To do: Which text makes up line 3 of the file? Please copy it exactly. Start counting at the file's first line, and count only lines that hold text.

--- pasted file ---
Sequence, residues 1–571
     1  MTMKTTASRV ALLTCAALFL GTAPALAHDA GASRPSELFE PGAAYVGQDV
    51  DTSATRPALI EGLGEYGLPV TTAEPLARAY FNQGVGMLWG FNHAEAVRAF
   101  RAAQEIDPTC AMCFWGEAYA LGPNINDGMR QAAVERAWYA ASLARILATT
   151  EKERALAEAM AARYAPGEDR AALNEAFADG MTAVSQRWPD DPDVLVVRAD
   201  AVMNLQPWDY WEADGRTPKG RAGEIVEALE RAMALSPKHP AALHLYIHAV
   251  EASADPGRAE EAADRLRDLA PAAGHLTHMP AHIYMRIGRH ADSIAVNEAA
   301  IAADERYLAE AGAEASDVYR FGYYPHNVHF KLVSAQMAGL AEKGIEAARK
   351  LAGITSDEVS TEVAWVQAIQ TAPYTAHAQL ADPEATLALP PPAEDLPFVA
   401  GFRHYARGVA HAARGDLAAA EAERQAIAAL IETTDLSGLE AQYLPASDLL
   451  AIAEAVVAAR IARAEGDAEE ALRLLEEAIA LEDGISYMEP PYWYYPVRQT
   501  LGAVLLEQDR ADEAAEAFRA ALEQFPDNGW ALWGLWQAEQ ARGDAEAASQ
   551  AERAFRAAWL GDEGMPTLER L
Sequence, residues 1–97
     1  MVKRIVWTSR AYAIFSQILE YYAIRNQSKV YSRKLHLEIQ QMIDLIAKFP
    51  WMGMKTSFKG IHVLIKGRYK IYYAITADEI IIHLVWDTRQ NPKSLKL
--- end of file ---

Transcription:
    51  DTSATRPALI EGLGEYGLPV TTAEPLARAY FNQGVGMLWG FNHAEAVRAF